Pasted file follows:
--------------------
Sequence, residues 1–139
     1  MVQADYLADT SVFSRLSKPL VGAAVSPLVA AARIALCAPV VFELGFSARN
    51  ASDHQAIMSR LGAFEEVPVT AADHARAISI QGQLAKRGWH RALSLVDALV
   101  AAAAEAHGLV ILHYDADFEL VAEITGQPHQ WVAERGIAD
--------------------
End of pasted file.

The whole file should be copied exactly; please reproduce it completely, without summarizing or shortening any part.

Sequence, residues 1–139
     1  MVQADYLADT SVFSRLSKPL VGAAVSPLVA AARIALCAPV VFELGFSARN
    51  ASDHQAIMSR LGAFEEVPVT AADHARAISI QGQLAKRGWH RALSLVDALV
   101  AAAAEAHGLV ILHYDADFEL VAEITGQPHQ WVAERGIAD